2001 referendum on the National Action Charter

When King Hamad ascended to the throne in 1999 he put Bahrain on the path of Constitutional Monarchy. The National Action Charter enshrined the rights and freedoms of all Bahrainis and dictated a two-chamber Parliament. This Constitution was approved by over 98% of Bahrainis in the referendum.

2002, 2006 & 2010 parliamentary & municipal elections

Although several political societies boycotted the 2002 vote, successive rounds of elections saw increased public participation and a growing political maturity. Elected MPs have been active in proposing legislation and modifying legislation produced by the Government.

However, some people claimed that elected representatives lacked the powers they needed to fulfill their promises to constituents.

2008: Vision 2030 Initiative

The Economic Vision 2030 plan was launched by King Hamad and spearheaded by the Crown Prince with the goals of driving the Bahraini economy forward and “building a better life for every Bahraini”. Bahrain’s Economic Development Board is responsible for taking this vision forward, hand in hand with the Government and the private and public sectors.

2011 unrest – a step backwards

Certainly many Bahrainis initially participated in the Pearl Roundabout demonstrations with the aim of supporting reform and greater political accountability.

However, the social strife that followed in many ways set back political reform, by creating deep sectarian divisions and allowing the direction of events to be controlled by extremists and militants who wanted to destroy the political system altogether and give rise to the same revolutionary currents that have done so much damage in Libya, Egypt, Yemen and Syria.

By withdrawing from Parliament, Al-Wefaq Islamic Society abandoned attempts to pursue reform through existing political channels and sought to undermine the system from the outside through rallies and rioting.

2011-2012: Implementation of BICI recommendations

After the 2011 unrest, the King commissioned the Bahrain Independent Commission of Inquiry, headed by a respected international judge to investigate these events.

The 500-page BICI report and recommendations were accepted in full by the King and he mandated his Government to implement extensive security and judicial reforms to avoid the mistakes of the past and increase the professionalism of these sectors.

2012 Constitutional Amendments

The main effect of these amendments was to significantly increase the powers of elected MPs vis-à-vis the Cabinet and the appointed parliament (the Shura Council).

As well as being required to approve the Government’s policy plans, MPs were given greater powers for questioning ministers and even producing no-confidence votes against ministers if they were seen to not be carrying out their duties effectively.

2011-2014 National Dialogue process

There have been several rounds of National Dialogue since the 2011 unrest, bringing together Bahrain’s key political entities, including segments of the opposition.

By September 2014 this process resulted in the Government submitting a Five-Point plan, attempting to meet the opposition half-way on many issues and seeking to establish a fairer and more representative political system in Bahrain. The opposition rejected these proposals, which leaves the future of the Dialogue process unclear.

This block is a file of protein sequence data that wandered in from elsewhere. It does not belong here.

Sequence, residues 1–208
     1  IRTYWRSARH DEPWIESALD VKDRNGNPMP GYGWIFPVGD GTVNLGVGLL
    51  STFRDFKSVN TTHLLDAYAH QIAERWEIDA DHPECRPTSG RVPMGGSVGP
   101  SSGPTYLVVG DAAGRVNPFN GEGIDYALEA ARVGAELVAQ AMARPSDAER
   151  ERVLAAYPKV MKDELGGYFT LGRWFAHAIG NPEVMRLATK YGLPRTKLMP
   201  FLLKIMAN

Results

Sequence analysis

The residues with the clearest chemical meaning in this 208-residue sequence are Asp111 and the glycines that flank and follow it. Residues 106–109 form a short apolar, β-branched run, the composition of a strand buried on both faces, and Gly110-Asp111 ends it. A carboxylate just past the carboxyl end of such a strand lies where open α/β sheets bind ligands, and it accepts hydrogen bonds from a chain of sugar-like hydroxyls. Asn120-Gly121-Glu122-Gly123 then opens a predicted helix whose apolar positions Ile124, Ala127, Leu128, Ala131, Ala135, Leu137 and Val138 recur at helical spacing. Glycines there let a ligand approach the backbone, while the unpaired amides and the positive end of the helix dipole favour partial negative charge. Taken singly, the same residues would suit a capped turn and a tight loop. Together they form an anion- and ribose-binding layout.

October 2014 election boundary changes

One of the key opposition demands was radically changing the constituency boundaries to make constituency sizes fairer. Few expected that the Government would be willing to go so far in changing almost all the existing constituencies, abolishing one of the five governorates and producing a new system where 90% of constituencies were of approximately equal size.

November 2014 elections

The 2014 parliamentary elections were a watershed for several reasons: 75% of those who won seats were new MPs, political societies for the most part were soundly defeated.

So the majority of seats went to younger, independent figures with a broad range of technocratic skills, producing a Parliament that was representative and ambitious in its desire for change and reform.

Despite an opposition boycott, turnout exceeded 54% and was between 60-90% in over half of constituencies.

2015-2018 Government Action Plan

As was enshrined in the 2012 Constitutional Amendments, the new Government policy proposals had to be approved by elected parliamentarians. So for the first time, the Prime Minister came to Parliament to read out the new draft Action Plan.

There was much about the draft that many MPs initially found unacceptable, including the lack of detail about many proposals. So throughout January MPs engaged in intense negotiations with Ministers to insure inclusion of many of the priorities demanded by their constituents. The resulting revised document was approved by the vast majority of MPs on 3 February 2015.

Approval of the Action Plan, represents a consolidation by MPs of their increased powers and a readiness to play a much greater role in engaging with government policies and monitoring implementation in line with the aspirations of Bahrainis citizens. Therefore this process can be rightly seen as a turning point for the democratization process in Bahrain.

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